Too early to evaluate if Covid-19 mutation in minks can affect vaccine: WHO chief scientist

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Chief Scientist on the World Health Organization Soumya Swaminathan stated on Friday it was too early to resolve whether or not the coronavirus mutation discovered within the farmed mink inhabitants in Denmark might affect the efficacy of vaccines.

Denmark, a significant mink fur exporter, has stated it could must kill as much as 17 million minks over the concern of the latest mutation spreading back to people.

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“We need to wait and see what the implications are, but I don’t think we should come to any conclusions whether this particular mutation is going to impact vaccine efficacy or not. We don’t have any evidence at the moment that it would,” Swaminathan advised a digital press briefing.

The coronavirus mutations in minks must be studied correctly before consultants can say if there will be any issues and what sort, Maria Van Kerkhove, Covid-19 Technical Lead at WHO Health Emergencies Programme, stated.

“What we understand is the minks have been infected with contact from humans, it circulates in the mink and then it could pass back to humans. So there’s always a concern when you have circulation and transmission from humans to animals and then from animals to humans. So there is a number of activities that are ongoing to understand the situation in Denmark,” Van Kerkhove stated.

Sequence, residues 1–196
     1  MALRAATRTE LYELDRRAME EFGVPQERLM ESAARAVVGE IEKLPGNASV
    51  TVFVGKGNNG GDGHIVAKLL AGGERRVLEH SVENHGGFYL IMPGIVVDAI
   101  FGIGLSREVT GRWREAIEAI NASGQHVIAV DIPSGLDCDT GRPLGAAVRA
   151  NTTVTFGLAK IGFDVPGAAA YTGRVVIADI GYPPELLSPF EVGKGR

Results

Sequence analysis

According to the professional, mutations are regular and consultants have been monitoring all modifications within the virus for the reason that starting.

“In this situation, there is a suggestion that some of these mutations may have some implications, but we need to do the proper studies to evaluate this. and that is ongoing right now with colleagues at the SSI in Denmark as well as our international working group,” Van Kerkhove stated.

What the research wants is extra sequences to look at, the professional stated.

“As this virus continues to circulate the globe, as we see it in mink, in different populations, those sequences need to be shared because they need to be evaluated, they need to be studied, they need to be discussed,” Van Kerkhove stated.

There is not any proof but that this explicit mutation behaves distinctly from others, Michael J. Ryan, the manager director of WHO’s Health Emergencies Programme, stated.

“It may have a slightly different signature, but it is still the same virus. What we have to evaluate over time is whether this virus has any difference in transmission or clinical severity or whether there are any implications for diagnostics or vaccines. But we’re a long, long way away from making any determination of that kind,” Ryan stated.

[Attribution HT]

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